It seems as if everyone has an opinion about a controversial lateral that Seahawks quarterback Russell Wilson tossed to running back Mike Davis in the fourth quarter of the Eagles 24-10 loss Sunday night in Seattle. The Seahawks later scored a touchdown on the drive.
Eagles fans, livid that coach Doug Pederson didn't challenge what appeared to be an illegal forward pass, were backed up by Mike Pereira, the NFL's former vice president of officiating.
"It was forward and illegal since it was beyond the line," Pereira, who works as a rules analyst on FOX Sports, wrote on Twitter on Monday. "Forward or backward is judged by where the ball is when it leaves the passer's hand to where it first touched the ground or a player. Forget that Wilson tried to throw it backwards. It was tough to judge on the field by the officials, but the Eagles could have challenged and won."
But Seahawks coach Pete Carroll has remained adamant that Wilson's pass was indeed a lateral, and said on his 710 ESPN Seattle show that he even put in a call to famed astrophysicist Neil deGrasse Tyson to settle the debate once and for all.
"We're talking physics now. I'm serious. I'm going to get an explanation about why that was a backwards lateral so that everybody understands," Carroll said. "Because the ball was traveling at the speed that Russell was traveling."
On Tuesday night, Tyson finally weighed in on the play, appearing to call it a lateral thanks to "Galilean Transformation."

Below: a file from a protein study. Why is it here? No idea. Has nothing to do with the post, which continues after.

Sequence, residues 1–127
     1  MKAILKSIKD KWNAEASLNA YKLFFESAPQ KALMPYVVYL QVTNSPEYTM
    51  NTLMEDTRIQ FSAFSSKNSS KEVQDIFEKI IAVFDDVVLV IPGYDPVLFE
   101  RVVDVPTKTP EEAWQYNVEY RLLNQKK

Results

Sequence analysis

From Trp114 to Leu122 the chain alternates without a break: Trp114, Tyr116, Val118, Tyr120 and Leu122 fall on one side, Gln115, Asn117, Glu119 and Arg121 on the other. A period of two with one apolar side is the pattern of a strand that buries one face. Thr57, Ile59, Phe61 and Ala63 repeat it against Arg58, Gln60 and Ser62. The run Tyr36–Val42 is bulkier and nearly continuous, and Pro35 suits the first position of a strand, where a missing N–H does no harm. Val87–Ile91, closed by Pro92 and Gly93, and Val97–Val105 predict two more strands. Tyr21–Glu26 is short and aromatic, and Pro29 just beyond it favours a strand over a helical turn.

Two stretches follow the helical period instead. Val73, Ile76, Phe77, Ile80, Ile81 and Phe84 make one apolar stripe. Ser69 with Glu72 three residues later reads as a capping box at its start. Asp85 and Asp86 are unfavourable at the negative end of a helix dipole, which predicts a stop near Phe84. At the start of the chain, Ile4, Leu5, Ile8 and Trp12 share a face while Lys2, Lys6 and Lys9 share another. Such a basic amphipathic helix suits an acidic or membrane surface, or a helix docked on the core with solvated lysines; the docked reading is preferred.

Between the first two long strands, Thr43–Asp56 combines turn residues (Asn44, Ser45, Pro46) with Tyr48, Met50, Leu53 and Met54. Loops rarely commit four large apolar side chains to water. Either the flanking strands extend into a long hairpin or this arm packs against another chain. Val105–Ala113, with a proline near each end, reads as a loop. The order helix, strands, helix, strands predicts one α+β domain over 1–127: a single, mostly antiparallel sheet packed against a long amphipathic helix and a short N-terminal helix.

"In their reference frame, the ball went backwards," Tyson wrote on Twitter. "It's not their fault they ran forward faster than the ball."
Carroll certainly took Tyson's opinion favorably, writing on Twitter that "Science speaks!"
But not so fast.
For those not invested in the world of physics, Galilean transformations (sometimes referred to as Newtonian transformations) are a complex set of math equations that show how a person's frame of reference, including his or her direction of movement, influences how the person witnesses an event. Basically, think of it as a fancy way of saying optical illusion.
Tyson is saying that relative to both Wilson and Davis, the ball did travel backward, because they were both moving forward faster than the ball. But laterals in the NFL aren't judged relative to individual players; they're judged relative to the field, according to the NFL's own rules. Rule 3, Section 21, Article 5 of the league's rulebook states: "It is a backward pass if the yard line at which the ball is first touched by a player or the ground is parallel to or behind the yard line at which the ball leaves the passer's hand."
So according to the rules, Tyson appears to be contradicting Carroll and agreeing with Richard Di Dio, an associate professor of physics and mathematics at La Salle University, who told my colleague Tom Avril that the play was indeed an illegal forward pass.
"You can't consider the ball's motion with respect to Wilson," Di Dio said. "It has to be with respect to the fixed markings on the field. It went forward."
Avril was able to calculate the velocities of the quarterback and the ball by slowing down video of the play to watch it one frame at a time. Here's what he found:
The NFL could decide to weigh in on the controversial play during its weekly review.